Six in our class took the S-bahn to Elzach to catch the carnival fever. The train ride itself was a prelude to the festivity to come. The train was packed with passengers who were all in a playful mood, as can be gleaned from the shocking color of their wigs, odd costumes, and painted faces. My hunch that most of these passengers will get off Elzach turned out to be right. We have our version of the Fastnacht in Freiburg, but the one in Elzach is said to be better. I can only agree.
The main attraction of the carnival in Elzach is the parade of the Schuttig. The Schuttig get-up consists of a wooden masks with three big red balls attached on the headdress, while red scale-like garments make up the clothes. To complete the get-up, a Schuttig should have a stick with inflated pigs’ bladders (yes, you read that right) tied on one end. The stick is whipped on to the road, to create a a startling, booming sound.
It is said that Schuttigs make this noise to drive away the winter season. (Even with the bladders’ disgusting smell, I wouldn’t mind whipping around that thing like a madman everywhere and anytime- carnival or no carnival- if it were true.) Be careful though as soon as the parade starts, as these organic balloons may find their way onto your head, when Schuttigs, amidst dancing to the tune of the accompanying band’s music, playfully whack around heads of spectators. I got at least a couple of good pounding myself. I pity two classmates, one from India and another from Iran, who I think experienced something close to a physical assault!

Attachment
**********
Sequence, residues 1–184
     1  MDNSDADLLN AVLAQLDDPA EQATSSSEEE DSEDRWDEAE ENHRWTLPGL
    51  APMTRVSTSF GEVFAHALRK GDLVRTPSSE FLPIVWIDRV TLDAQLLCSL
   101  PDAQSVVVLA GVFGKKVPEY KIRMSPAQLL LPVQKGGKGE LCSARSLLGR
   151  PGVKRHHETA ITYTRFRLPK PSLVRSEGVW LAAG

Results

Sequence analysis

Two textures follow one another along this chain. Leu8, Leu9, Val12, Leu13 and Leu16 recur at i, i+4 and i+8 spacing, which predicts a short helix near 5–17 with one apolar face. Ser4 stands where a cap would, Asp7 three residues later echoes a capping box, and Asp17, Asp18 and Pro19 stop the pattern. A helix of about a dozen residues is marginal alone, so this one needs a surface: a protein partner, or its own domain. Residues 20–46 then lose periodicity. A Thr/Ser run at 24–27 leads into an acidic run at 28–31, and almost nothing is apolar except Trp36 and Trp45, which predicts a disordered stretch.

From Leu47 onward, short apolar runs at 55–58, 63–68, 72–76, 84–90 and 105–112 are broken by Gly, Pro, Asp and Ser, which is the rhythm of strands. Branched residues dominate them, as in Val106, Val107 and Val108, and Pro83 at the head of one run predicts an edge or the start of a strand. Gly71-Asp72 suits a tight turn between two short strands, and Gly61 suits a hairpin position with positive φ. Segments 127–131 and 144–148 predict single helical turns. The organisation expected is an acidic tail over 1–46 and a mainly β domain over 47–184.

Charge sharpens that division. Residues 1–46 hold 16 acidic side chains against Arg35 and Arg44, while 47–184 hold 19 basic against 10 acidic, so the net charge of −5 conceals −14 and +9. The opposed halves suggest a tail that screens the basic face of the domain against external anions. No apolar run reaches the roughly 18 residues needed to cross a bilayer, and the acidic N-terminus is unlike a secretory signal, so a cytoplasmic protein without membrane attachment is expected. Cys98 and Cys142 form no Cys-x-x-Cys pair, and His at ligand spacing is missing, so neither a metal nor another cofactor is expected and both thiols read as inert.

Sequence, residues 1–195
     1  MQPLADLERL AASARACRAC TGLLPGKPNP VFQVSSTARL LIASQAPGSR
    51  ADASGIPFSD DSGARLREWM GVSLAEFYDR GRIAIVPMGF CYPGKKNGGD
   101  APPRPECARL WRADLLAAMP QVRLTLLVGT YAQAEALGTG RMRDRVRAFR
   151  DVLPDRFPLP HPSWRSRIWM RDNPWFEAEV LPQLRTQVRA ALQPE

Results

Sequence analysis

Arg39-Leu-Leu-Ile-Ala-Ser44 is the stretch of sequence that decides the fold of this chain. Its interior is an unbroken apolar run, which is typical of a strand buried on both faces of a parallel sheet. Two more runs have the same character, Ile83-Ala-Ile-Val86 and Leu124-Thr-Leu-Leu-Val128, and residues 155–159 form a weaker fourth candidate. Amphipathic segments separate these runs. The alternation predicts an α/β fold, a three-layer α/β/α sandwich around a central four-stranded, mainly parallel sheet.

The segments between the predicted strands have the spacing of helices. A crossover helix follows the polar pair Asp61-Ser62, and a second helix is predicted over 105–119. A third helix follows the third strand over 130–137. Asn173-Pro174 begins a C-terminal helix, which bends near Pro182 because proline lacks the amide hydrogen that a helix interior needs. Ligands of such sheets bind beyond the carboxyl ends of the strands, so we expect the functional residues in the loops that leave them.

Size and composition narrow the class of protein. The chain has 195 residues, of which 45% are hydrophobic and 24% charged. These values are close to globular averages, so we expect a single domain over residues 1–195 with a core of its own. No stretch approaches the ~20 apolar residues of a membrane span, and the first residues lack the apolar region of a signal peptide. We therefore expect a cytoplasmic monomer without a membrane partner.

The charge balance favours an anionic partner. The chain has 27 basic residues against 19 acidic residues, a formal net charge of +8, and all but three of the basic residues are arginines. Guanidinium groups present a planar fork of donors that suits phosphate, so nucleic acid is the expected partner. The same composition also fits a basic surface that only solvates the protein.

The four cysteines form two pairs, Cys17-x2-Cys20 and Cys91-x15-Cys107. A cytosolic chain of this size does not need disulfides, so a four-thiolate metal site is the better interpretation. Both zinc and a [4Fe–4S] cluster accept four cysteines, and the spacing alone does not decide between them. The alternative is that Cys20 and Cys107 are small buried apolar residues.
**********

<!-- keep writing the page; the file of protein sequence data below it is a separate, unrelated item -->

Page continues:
Most of the Schuttig are composed of men, and I observed a few women and children also joining the parade. One old lady from Freiburg whom we met in this small town told us that no two masks are crafted alike, and that one full costume could cost about 2,000 Euros. These masks and costumes are most likely passed on from one generation to the next.
The Fastnacht is tied to a pre-Lenten tradition, which I find as an opposite to the Philippine custom. The religious season is usually associated with school-organized silent reflection, recollections, and retreats.
Even when we were still on our way to Elzach, we already agreed not to watch the Fastnacht next year. We will be joining it ourselves.